In a room full of childhood friends, everyone around me is popping pills they call “yellow school buses.” I’ve never been the brave young soul from the D.A.R.E. commercials, courageously overcoming peer pressure to turn down drugs. I ask what it feels like. “It’s like getting drunk without taking a single shot,” my best friend says. I swallow my little yellow pill and smile.

The medication, I later learned, is Xanax. It’s designed to treat anxiety and panic disorders. It works by decreasing activity in the brain, which induces a sense of calm and deep relaxation. The slow, stupefied state of mind this brings about is known as being “barred out.” Not one of us was having an anxiety attack at the moment we popped our pills. We were only kids, and at the time, we didn’t have a worry in the world. Today, all the worries seem to overwhelm us almost every day.

This is a standard reaction to today’s overstimulated society. We’re all victims of a culture in which we’re ceaselessly swiping our phones, shuffling among podcasts, sensationalized news articles, and social media. We’re consistently checking FitBits to monitor our heart rates and filling yoga or meditation studios to calm our racing thoughts. We’re twirling fidget spinners between our fingers to occupy our nervous, restless hands. We’re popping anti-anxiety meds to quiet our psychological chaos.

According to the National Institute of Mental Health, anxiety has become the most common mental disorder in the United States. It seeps into our lives early, putting pressure on prepubescent children to score into high school honors and advanced placement classes, inducing anxiety disorders within one in four teens between the age of 13 and 18. The mounting stress follows us to college, where anxiety has become campuses’ most common health concern, disturbing students to the extent that more than half of campus clinics’ patients cite anxiety as a health concern. This strain continues culminating in adulthood, when many sufferers finally choose to take psychoactive action against their internal hysteria.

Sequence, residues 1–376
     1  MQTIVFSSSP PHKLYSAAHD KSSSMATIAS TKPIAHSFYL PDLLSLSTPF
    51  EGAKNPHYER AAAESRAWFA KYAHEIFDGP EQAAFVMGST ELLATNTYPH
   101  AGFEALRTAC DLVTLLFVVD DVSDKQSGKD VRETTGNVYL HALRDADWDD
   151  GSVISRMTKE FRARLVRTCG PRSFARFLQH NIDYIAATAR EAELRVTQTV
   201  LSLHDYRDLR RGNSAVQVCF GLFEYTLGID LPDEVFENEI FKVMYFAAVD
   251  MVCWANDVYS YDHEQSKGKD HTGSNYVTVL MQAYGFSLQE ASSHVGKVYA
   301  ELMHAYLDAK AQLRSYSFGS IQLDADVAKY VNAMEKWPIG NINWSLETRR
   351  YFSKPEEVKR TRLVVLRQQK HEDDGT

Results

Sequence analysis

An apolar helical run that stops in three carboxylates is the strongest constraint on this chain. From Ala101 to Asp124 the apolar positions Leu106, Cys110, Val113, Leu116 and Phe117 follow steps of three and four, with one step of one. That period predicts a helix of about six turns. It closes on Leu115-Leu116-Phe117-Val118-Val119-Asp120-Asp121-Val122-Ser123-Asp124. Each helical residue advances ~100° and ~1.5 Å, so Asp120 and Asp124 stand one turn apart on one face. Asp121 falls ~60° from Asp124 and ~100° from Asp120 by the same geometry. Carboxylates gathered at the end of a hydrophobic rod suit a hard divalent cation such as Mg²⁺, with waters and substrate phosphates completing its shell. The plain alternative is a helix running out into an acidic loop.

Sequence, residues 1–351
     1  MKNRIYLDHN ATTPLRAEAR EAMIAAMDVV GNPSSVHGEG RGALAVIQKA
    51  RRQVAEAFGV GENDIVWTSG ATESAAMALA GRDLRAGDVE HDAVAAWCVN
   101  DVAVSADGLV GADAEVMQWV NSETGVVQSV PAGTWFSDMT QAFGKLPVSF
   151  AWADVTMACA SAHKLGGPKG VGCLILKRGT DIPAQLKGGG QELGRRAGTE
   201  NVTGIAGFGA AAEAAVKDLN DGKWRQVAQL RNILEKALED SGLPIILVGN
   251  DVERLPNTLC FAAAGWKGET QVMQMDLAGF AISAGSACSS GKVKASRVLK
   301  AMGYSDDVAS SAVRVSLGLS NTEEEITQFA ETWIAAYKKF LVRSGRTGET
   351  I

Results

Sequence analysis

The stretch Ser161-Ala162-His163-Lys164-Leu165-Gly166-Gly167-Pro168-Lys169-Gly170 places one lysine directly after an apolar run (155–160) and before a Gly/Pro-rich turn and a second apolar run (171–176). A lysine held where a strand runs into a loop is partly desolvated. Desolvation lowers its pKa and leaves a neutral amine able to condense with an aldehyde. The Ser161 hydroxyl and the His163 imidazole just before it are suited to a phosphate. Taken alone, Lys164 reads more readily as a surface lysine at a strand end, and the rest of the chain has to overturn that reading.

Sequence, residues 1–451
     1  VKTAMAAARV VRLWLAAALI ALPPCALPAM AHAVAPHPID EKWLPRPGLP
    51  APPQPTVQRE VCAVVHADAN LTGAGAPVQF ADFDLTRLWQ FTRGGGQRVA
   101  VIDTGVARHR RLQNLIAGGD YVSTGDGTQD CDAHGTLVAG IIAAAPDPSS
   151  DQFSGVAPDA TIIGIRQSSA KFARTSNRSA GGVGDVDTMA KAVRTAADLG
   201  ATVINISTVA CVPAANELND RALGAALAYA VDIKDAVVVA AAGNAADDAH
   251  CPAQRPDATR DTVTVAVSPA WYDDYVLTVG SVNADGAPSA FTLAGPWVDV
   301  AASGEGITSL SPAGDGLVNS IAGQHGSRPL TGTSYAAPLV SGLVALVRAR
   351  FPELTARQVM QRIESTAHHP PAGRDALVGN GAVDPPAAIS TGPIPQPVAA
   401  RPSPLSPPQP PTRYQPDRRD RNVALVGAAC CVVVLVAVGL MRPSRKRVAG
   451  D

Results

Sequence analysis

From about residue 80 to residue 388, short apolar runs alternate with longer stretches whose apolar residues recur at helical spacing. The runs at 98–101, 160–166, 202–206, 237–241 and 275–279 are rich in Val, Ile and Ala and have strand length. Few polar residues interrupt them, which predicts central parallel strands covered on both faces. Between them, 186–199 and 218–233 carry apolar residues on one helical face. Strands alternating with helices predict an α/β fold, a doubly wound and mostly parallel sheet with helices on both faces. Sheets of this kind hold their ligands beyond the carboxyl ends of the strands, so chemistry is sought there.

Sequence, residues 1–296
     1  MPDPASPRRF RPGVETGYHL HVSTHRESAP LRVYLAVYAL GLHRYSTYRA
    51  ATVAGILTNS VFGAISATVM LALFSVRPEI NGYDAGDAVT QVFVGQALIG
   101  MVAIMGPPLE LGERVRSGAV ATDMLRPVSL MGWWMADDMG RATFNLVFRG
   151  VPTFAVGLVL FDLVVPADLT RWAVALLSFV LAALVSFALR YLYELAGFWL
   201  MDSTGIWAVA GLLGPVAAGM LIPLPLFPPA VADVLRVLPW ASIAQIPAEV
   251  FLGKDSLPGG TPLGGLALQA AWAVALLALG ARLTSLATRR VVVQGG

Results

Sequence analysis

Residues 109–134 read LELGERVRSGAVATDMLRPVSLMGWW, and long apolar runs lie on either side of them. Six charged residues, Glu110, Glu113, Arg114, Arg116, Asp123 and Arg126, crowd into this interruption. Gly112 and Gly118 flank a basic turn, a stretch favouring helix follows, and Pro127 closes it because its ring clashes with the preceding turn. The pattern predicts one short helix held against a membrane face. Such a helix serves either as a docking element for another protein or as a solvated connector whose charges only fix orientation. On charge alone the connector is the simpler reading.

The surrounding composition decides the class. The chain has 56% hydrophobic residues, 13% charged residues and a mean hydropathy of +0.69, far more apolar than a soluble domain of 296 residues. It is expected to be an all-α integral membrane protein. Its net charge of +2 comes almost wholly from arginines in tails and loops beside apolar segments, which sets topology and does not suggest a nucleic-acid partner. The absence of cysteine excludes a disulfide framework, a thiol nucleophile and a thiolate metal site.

Many turn to cannabis, the alleged chill-out drug of our generation. Others drink themselves into serene oblivion. For a far more potent peace of mind, Xanax, Klonopin, Ativan, and Valium offer doctor-approved zombification. Prescriptions for the class of drugs these medications fall under, known as benzodiazepines, have more than tripled in the past 20 years, according to researchers at Reuters Health. The rate of overdoses on these drugs, according to the same study, has quadrupled.

Big pharma may be the force pushing these diagnoses to the forefront. In an overstimulated society with anxiety endlessly expanding, their prescription solutions are billion-dollar cash cows. By promoting the narrative that stress, a universal human attribute, is indicative of a disorder and their pills are the perfect antidote, they can keep swimming in a sea of licit drug money.

Unfortunately, pointing to sources of the problem is far easier than pointing to solutions. Among the possible approaches: states can provide increased access to substance abuse treatment services. They can implement prescription drug monitoring programs to ensure patients aren’t leaving the doctor’s office with bucketfuls of benzos. Law enforcement can focus manpower on shutting down pill mills (clinics that hand out prescription drugs like candy). Doctors, despite their ethical obligation to treat pain, can take extra efforts to recognize signs of abuse. With every corner of society — legislators, cops, pharmacies, doctors, and patients  — fighting the scourge of prescription drug abuse, we can finally hope to keep the zombie apocolypse of barred-out Americans at bay.

Many of my friends still have an ugly habit of taking their “yellow school buses” to wind down. Whether they’re prescribed, buying off some sketchy dealer, or stealing from momma’s personal stash, they’re always able to get their hands on that liquorless drunk. Like almost every other American, they’re simply searching for composure in a society of chaos. I hope they end up happy with wherever those buses ultimately take them.